New York Governor Andrew Cuomo Sexually Harassed Multiple Women, Violated State and Federal Law, Says Attorney General Letitia James

 Gov. Cuomo sexually harassed multiple women
At a press conference Tuesday, State Attorney General Letitia James said that the probe – conducted over the course of several months starting in March by the DA’s office – concluded that the complaints of harassment against the New York Governor Andrew Cuomo were deemed credible. File photo: Hans Pennink, Shutterstock.com, licensed.

NEW YORK, NY – According to a scathing report released Tuesday morning by State Attorney General Letitia James, New York Governor Andrew Cuomo engaged in a pattern of behavior where he sexually harassed multiple women during his time in office and once even retaliated against a former employee that had come out publicly about the abuse.

At a press conference Tuesday, James said that the probe – conducted over the course of several months starting in March by the DA’s office – concluded that the complaints of harassment against the New York Governor were deemed credible.

“This is a sad day for New York because independent investigators have concluded that Governor Cuomo sexually harassed multiple women, and in doing so violated federal and state law,” James said.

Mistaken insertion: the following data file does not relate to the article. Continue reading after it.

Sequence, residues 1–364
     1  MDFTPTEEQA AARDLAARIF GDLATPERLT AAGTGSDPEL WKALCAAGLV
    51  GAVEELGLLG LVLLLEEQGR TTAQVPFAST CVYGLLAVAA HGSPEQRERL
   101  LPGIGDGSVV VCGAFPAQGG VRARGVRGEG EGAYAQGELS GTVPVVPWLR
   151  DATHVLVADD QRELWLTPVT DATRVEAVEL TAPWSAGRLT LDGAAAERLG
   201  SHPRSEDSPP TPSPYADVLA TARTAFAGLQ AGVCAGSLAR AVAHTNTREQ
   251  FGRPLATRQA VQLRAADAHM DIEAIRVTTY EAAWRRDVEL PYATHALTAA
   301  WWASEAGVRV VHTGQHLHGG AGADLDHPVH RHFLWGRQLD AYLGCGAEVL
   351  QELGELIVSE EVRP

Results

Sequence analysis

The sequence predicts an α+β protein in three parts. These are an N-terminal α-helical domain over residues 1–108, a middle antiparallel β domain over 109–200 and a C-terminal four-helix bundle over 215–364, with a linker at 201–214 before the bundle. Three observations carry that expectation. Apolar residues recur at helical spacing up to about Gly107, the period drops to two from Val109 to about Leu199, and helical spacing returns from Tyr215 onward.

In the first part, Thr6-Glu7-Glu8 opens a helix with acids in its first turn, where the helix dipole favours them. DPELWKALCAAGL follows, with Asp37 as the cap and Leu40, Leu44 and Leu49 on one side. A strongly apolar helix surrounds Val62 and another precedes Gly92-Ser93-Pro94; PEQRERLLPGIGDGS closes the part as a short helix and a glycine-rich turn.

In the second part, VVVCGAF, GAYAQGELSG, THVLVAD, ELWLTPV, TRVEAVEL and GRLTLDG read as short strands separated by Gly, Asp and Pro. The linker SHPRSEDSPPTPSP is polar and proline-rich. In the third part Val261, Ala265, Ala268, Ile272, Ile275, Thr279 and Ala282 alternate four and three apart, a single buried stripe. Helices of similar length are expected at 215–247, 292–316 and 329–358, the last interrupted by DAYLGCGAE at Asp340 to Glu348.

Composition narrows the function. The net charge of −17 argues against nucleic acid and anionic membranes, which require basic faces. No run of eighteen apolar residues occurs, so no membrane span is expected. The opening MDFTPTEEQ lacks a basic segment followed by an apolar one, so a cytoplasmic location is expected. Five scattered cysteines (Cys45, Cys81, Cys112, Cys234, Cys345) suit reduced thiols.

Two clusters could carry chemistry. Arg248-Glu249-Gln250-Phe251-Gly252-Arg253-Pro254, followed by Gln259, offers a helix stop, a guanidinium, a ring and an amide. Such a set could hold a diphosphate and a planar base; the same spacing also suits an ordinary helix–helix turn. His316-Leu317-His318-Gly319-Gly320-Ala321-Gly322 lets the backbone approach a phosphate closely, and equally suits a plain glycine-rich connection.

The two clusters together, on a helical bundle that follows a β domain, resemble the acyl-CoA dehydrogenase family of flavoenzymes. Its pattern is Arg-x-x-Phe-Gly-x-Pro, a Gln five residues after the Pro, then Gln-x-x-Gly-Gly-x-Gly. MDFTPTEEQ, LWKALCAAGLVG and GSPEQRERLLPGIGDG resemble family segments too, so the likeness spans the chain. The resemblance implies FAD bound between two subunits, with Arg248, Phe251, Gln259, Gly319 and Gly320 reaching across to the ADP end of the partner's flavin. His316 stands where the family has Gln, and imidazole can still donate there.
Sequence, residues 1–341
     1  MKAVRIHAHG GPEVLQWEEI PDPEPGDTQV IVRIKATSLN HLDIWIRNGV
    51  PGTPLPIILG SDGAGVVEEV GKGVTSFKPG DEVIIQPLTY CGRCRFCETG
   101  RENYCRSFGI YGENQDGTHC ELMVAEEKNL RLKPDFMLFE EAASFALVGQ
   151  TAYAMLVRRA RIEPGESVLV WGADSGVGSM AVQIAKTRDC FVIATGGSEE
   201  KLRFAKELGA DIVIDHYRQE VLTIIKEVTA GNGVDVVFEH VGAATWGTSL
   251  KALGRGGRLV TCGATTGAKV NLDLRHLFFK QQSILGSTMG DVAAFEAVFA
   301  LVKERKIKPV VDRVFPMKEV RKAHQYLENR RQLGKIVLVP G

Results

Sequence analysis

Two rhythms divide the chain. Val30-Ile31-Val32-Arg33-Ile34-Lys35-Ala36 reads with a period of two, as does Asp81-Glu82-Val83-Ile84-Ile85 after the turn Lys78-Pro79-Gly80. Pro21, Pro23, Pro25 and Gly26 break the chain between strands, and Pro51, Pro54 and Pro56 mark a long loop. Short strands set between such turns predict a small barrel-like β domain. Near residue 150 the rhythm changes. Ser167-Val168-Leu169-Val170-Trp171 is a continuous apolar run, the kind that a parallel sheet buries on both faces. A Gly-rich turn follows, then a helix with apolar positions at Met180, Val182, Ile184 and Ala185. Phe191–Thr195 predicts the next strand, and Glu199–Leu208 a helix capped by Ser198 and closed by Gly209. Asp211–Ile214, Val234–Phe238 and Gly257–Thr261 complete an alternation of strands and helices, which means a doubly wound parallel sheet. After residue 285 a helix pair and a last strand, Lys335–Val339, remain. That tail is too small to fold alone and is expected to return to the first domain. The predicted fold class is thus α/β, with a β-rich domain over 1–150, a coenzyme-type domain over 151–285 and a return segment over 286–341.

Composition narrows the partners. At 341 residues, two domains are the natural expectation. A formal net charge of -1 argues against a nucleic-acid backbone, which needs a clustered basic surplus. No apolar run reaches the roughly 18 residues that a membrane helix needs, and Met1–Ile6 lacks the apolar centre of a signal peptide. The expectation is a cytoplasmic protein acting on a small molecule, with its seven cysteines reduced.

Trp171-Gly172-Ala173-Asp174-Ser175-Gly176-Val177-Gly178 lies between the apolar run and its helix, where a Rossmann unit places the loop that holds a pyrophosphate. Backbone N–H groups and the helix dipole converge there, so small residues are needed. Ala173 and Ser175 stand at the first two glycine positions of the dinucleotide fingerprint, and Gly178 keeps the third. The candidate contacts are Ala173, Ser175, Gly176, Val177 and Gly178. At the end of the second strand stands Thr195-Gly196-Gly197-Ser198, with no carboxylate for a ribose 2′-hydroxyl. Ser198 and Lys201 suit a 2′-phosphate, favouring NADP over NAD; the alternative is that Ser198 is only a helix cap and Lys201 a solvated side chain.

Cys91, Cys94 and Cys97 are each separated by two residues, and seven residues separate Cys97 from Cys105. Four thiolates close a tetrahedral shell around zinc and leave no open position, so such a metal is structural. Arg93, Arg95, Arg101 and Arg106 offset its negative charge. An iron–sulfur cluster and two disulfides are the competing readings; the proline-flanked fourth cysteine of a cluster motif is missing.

All in all, the report concluded that Cuomo was responsible for harassing a total of 11 women from 2013 to 2020, ranging from members of his personal staff, state employees, ordinary citizens, and even a state trooper.



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The findings of the 165-page report, which was comprised of interviews with 179 witnesses and analysis of thousands and thousands of documents, painted “a deeply disturbing, yet clear picture” that Cuomo had created an atmosphere of “fear and intimidation” among his office staff and that the resulting work environment was considered by many to be “hostile” and “toxic.”

As a part of the probe, two weeks ago Cuomo himself had been grilled for 11 hours straight by investigators representing James’ office.

As allegations began to mount against him earlier this year, Cuomo initially denied them while offering an apology to those he “may have offended.” But despite dozens of Democratic state lawmakers – including New York City Mayor Bill de Blasio – urging the governor to resign in the face of the allegations, Cuomo repeatedly stood firm, stating that he would remain in office.

“I never harassed anyone, I never assaulted anyone, I never abused anyone,” Cuomo said at a March press conference. “I’m not going to resign.”

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